By all means, I remember thinking, or perhaps screaming out loud, spit flying in the face-guard of the helmeted riot policeman: Send in the paras, two by falling two into the farthest forest from the Bois de Boulougne; from the toits of gray Paris. Come the rundown Shermans. Come the F.L.N., the colonial detritus, pieds noirs, now will you listen? No you will not. Superstition plays its role, naturally, supervising the apprivoisement. The gégène or magneto will not bring you no harm, babe. I’ve seen worse. I’m a fucking anarchist courtesan, remember? I’m a lawless hooker. I kill and I fuck, not necessarily in that order, in fact never in that order, because that would be a) gross, and b) just... wrong. Not in a moral sense, bien évidemment, but in terms of aesthetics.

“Whatever singularity, which wants to appropriate belonging itself, its own being-in-language, and thus rejects all identity and every condition of belonging, is the principal enemy of the State. And, sooner or later, the tanks will appear.” That’s Giorgio all over for you, always with the tanks. He has a tank fetish. Something to do with the muzzles, I think. The long guns. I never got that. Calvino said we should just “wait it out,” and I’m thinking, wait what out? The Invisible Committee or Invisible Cities? Which is more fantastic? Which more dangerous? And which, more importantly, is going to leave me alone to ply my trade in the plush cathouses of the 6e arrondissement?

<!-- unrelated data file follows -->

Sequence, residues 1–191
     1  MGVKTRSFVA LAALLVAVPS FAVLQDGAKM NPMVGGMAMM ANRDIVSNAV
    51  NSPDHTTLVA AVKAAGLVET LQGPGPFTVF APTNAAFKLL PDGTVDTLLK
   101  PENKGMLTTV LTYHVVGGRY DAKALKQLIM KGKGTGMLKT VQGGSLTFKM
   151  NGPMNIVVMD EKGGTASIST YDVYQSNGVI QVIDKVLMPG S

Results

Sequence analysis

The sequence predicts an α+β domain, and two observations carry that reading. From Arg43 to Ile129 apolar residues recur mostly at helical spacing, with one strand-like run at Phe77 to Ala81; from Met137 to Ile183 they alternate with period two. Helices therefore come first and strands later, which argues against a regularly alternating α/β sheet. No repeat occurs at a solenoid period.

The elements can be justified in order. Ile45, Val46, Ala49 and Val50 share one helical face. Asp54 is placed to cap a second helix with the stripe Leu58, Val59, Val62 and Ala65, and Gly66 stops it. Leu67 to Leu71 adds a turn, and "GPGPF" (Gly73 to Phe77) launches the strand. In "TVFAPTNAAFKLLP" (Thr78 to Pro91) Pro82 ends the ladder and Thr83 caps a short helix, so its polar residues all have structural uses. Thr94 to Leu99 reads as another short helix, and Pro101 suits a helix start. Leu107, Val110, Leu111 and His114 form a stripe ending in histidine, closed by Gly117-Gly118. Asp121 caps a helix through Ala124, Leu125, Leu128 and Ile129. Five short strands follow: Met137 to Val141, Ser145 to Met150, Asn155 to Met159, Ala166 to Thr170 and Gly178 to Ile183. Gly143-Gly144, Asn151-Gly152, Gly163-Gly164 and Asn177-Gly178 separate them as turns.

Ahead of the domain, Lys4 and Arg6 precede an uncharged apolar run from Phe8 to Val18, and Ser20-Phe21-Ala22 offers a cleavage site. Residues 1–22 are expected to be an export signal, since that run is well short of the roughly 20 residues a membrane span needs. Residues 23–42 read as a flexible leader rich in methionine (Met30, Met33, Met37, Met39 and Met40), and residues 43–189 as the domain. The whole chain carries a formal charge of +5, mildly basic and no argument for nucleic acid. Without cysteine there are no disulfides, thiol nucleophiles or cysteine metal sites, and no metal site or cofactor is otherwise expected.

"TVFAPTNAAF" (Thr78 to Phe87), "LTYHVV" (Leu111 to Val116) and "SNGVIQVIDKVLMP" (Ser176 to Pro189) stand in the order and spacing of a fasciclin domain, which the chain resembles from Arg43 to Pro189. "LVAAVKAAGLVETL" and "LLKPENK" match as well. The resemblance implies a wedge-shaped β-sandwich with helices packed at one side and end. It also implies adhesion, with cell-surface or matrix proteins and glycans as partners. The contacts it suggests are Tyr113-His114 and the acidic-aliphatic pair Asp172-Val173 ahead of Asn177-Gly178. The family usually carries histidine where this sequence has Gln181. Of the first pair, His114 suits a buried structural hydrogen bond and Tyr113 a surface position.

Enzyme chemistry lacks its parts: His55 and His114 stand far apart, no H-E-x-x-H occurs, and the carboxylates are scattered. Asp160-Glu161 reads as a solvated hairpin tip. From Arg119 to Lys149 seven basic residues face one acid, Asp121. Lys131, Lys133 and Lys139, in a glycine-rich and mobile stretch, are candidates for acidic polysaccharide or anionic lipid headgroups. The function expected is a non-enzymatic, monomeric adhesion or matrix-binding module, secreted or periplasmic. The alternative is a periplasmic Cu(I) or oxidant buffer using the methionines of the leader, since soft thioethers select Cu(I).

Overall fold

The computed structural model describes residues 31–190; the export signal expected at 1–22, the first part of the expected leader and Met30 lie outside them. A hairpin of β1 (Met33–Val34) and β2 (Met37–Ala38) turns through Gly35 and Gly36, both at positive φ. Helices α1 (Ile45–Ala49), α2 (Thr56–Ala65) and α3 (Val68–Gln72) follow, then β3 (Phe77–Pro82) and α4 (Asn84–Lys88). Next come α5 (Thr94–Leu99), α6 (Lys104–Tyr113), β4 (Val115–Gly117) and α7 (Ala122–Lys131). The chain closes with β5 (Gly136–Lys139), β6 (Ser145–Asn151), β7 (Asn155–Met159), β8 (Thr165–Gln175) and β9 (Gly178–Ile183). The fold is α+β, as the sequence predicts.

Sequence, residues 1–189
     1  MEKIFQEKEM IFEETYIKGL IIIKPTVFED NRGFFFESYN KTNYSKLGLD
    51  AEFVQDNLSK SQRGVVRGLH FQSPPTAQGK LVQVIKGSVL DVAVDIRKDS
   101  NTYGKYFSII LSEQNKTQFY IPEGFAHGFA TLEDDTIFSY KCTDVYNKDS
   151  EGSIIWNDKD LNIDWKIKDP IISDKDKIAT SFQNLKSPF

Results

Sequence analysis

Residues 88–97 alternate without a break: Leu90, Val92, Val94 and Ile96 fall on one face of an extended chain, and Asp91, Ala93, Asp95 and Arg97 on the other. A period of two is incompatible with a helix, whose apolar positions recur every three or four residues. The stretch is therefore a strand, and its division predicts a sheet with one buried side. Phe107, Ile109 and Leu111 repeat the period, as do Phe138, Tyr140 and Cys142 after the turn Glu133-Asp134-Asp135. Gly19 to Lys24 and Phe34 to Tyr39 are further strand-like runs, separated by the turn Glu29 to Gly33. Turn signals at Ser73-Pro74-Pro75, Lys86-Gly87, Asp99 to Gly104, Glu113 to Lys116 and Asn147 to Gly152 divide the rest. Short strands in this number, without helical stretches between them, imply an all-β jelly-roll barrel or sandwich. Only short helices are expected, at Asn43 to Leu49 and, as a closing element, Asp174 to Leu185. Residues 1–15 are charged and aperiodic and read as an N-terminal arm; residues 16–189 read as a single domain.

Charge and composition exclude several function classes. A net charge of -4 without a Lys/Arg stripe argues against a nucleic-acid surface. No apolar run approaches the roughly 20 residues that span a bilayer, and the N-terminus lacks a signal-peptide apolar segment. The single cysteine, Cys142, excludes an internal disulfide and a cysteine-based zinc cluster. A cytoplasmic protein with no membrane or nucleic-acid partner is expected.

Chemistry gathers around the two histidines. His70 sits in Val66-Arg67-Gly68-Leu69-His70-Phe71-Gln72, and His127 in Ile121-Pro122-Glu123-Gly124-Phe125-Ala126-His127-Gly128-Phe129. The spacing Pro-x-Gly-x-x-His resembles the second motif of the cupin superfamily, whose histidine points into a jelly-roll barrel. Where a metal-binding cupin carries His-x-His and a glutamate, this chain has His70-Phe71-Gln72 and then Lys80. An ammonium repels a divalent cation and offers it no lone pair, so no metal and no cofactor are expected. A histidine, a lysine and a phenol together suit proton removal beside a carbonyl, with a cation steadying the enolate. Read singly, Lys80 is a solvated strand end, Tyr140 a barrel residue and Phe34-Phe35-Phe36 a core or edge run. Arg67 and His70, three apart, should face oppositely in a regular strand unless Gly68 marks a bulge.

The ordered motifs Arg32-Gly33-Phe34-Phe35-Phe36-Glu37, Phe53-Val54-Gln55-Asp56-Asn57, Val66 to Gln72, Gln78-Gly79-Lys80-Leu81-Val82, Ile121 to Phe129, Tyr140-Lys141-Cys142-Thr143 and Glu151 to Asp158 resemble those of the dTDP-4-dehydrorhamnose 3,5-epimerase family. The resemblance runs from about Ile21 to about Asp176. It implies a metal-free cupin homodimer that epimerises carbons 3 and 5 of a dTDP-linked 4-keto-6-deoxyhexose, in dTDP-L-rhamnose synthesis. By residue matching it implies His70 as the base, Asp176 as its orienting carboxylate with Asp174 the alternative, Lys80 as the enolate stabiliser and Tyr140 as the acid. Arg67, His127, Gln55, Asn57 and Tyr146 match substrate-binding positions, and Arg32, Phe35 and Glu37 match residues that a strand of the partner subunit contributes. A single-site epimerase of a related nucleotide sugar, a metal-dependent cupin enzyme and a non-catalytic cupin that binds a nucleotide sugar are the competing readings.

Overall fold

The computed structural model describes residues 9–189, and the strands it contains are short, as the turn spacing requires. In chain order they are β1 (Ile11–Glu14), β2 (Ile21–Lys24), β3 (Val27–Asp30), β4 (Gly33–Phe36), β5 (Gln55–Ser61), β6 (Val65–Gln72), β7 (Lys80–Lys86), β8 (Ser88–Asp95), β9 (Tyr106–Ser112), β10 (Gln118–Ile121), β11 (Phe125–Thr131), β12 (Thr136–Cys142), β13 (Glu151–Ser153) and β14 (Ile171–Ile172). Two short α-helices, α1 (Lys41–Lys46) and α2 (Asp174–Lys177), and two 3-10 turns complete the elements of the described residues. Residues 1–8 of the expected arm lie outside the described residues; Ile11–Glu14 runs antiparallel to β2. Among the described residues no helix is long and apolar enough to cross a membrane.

Here is our manifesto, in full: get your face out of my cunt. I don’t mean my cunt in particular. And obviously not “out,” in a literal sense, that would put us where we are right now, in a fountain, naked, except not protesting but begging for scraps. Like that guy over there with the plastic bag from Monoprix (like he could afford to shop there!), the pigeon man. We don’t want to end up like him, though we grant that he has as much dignity as any other human person. We don’t want or need government regulation, and anyway we don’t recognize the authority of this or any government over us, over any part of us, but especially not here, in the warm heart of our meat and drink. We want to be left alone, but not alone, we want to be free but but also free from harm. We want all these things to be au choix, so that we feel we have not lost our voix. And until then: stay the hell out of my box.